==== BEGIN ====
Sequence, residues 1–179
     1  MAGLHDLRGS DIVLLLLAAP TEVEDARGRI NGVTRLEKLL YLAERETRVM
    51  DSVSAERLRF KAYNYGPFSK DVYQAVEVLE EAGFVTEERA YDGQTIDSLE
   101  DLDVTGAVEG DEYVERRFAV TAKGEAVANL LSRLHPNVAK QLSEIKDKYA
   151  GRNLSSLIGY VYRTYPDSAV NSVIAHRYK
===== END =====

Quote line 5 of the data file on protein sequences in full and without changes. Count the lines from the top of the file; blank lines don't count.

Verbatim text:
   151  GRNLSSLIGY VYRTYPDSAV NSVIAHRYK